The Discomfort Zone: A Personal History
Farrar, Straus & Giroux / 196 pages / $22
In one chapter of his new memoir, Jonathan Franzen recalls his youthful immersion in the German language, which culminated in a grudging conquest of The Magic Mountain. It was, appropriately, an uphill battle. Thomas Mann's masterwork, with its jackhammer ironies and its Teutonic nerd of a protagonist, almost drove the Swarthmore senior out of his mind. Yet he recognized "at the heart of the book ... a question of genuine personal interest both to Mann and to me: How does it happen that a young person so quickly strays so far from the values and expectations of his middle-class upbringing?"
As readers will discover, that's also the question at the heart of The Discomfort Zone: A Personal History. Since Franzen is a superlative novelist rather than a sociologist, he approaches the question from some fairly oblique angles. But wrestle with it he does, beginning with the very first chapter, "House for Sale." The year is 1999, and Franzen, still many moons away from the matinee-idol status he attained in 2001 with his best-selling third novel, The Corrections, has journeyed to Webster Groves, Mo. There, in the wake of his mother's death, he has been charged with selling his boyhood home.
Quite naturally, this task causes him to ponder his origins as what we might call a born centrist: "I grew up in the middle of the country in the middle of the golden age of the American middle class. My parents were originally Minnesotan, moved south to Chicago, where I was born, and finally came to rest in Missouri, the country's cartographic linchpin." The center, as Franzen quickly acknowledges, did not hold. By the early 1970s, Vietnam, recession and the rise of youth culture had already put the kibosh on this golden age or at least tarnished it beyond recognition. Yet the author, the youngest and most dutiful of three sons, has some real doubts about having escaped his middle-class orbit.
Hence his sadness, and guilty elation, at the idea of selling his familial home. Hence his decision to ditch his late mother's real estate agents - a deeply suburban mother-and-daughter team who strike him as "two avatars of Webster Groves domesticity" - for a sexy young go-getter in tight jeans.
Needless to say, our hero has made the wrong decision. The agent, whose spiel comes straight out of some yuppie playbook ("She said it was rare that she met somebody who understood, as I obviously did, about desire, about hunger"), fumbles the sale. Franzen finally unloads the house on the cheap. The moral of the story? He should have listened to the voice of Protestant conscience - also known as Mom and Dad - even as he agonized over "how completely I'd outgrown" the place of his youth.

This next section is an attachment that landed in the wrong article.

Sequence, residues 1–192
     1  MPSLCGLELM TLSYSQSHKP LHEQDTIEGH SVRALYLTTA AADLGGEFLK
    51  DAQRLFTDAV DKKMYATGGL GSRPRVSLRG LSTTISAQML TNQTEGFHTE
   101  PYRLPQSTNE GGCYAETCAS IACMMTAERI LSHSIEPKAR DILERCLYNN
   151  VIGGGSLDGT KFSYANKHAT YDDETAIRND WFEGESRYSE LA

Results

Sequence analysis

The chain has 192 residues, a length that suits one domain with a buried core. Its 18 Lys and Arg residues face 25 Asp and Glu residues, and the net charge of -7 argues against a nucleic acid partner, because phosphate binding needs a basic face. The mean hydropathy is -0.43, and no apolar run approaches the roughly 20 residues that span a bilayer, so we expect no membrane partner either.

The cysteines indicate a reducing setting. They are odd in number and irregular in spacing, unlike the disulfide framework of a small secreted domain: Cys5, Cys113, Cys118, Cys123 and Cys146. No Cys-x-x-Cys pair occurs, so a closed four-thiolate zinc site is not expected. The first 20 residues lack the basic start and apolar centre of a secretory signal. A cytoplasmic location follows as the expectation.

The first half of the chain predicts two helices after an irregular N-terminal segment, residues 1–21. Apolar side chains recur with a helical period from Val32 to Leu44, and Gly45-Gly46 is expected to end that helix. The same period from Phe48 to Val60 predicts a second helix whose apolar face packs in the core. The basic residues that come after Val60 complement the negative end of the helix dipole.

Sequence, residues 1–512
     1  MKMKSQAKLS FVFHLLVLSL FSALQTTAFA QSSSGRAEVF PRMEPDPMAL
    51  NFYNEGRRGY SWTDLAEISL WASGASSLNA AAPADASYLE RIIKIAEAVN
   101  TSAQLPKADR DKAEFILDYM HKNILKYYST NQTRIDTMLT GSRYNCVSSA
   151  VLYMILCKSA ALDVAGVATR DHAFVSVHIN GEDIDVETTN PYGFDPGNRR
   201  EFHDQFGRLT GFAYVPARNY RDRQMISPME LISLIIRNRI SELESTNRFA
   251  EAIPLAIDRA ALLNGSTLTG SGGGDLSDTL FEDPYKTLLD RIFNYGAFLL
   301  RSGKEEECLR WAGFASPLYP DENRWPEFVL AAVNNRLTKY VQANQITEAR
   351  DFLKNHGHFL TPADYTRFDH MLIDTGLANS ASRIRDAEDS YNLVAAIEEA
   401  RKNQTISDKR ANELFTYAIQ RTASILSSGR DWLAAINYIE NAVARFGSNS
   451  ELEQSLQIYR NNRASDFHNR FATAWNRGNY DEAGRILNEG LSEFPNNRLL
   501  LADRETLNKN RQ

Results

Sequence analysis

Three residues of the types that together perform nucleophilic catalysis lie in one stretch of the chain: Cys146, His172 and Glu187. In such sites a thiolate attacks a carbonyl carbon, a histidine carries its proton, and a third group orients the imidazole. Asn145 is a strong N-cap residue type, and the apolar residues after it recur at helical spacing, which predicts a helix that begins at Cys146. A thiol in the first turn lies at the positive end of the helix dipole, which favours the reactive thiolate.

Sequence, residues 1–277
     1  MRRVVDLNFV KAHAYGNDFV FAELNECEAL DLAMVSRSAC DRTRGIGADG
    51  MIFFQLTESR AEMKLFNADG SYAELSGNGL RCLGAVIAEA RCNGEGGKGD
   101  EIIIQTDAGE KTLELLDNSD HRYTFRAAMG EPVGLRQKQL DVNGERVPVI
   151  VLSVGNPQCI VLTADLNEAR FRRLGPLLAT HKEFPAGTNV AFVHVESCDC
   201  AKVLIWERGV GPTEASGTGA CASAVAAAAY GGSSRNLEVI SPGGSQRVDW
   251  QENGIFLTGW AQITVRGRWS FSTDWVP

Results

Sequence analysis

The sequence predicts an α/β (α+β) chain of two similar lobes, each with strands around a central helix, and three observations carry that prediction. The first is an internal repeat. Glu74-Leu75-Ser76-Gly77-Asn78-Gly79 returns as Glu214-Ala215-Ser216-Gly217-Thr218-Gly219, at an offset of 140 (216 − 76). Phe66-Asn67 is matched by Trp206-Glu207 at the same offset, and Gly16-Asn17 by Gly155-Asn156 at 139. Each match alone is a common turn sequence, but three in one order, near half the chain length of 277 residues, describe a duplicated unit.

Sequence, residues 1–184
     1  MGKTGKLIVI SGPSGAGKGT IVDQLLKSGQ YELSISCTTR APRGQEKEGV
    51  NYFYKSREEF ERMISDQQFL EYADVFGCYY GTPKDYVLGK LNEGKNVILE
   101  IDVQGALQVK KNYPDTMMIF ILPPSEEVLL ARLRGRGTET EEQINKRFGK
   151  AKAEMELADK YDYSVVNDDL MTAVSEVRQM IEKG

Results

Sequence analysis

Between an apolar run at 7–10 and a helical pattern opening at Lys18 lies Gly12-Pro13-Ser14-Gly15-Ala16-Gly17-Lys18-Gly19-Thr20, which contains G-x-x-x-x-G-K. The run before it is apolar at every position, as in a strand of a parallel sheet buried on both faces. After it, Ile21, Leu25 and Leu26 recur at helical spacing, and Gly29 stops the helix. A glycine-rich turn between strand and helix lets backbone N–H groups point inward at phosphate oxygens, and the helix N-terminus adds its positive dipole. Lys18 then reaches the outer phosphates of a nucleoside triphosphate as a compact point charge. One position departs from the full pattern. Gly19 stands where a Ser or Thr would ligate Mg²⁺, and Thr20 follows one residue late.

I am, of course, simplifying. If Franzen had turned into a prissy moralist - a William Bennett with sharp incisors - then he couldn't hold our attention. What makes The Discomfort Zone so consistently fascinating is his ambivalence. He's cursed if he sticks to the Scandinavian straight and narrow, hammered into his head by his humorless, beloved father, and cursed if he doesn't. Nowhere is this confusion thrown into higher relief than in "My Bird Problem," the last and best chapter in the book.
By 2005, you see, Franzen is in the grip of an ornithological frenzy. He spends his waking hours with binoculars in one hand and a dog-eared field guide in the other, observing birds. At night, he "lay down with bird books and read about other trips I could take, studied the field markings of species I hadn't seen, and then dreamed vividly of birds." He seems to be taking Emily Dickinson at her word: Hope, if indeed it existed, is most certainly the thing with feathers.
For Franzen, writing about birds is one more way of writing about family, marriage and the generational tug of war. It's no accident that the author's first bout of avian enthusiasm comes on the heels of his mother's death. That summer, still flattened by grief, Franzen sees his first northern flicker and enjoys "its apparent confusion about what kind of bird it was. Un-woodpeckerish in plumage, like a mourning dove in war paint, it flew dippingly, in typical woodpeckerish fashion, white rump flashing, from one ill-fitting identity to another. It had a way of landing with a little crash wherever."
That's lovely, lyrical and precise. It's also an unwitting self-portrait.
What The Discomfort Zone resembles, in fact, is an old-fashioned diorama in a museum, displaying the airborne author at each stage of his evolution. A couple of the specimens seem to have gone awry at the stuffing-and-mounting stage.
No matter. The weak chapters have their share of delights; the strong chapters are impossibly articulate and true. And like the born novelist that he is, Franzen keeps operating under the sign of ambivalence. We get both battling personas in The Discomfort Zone: the ironic Easterner and the upright Midwesterner. Long may they prosper! For the author, of course, the combination may well feel like a hair shirt. But the worst thing that could happen to Franzen now would be for him to change into something - or someone - more comfortable.
James Marcus is the author of "Amazonia: Five Years at the Epicenter of the Dot.Com Juggernaut." A longer version of this review appeared in the Los Angeles Times.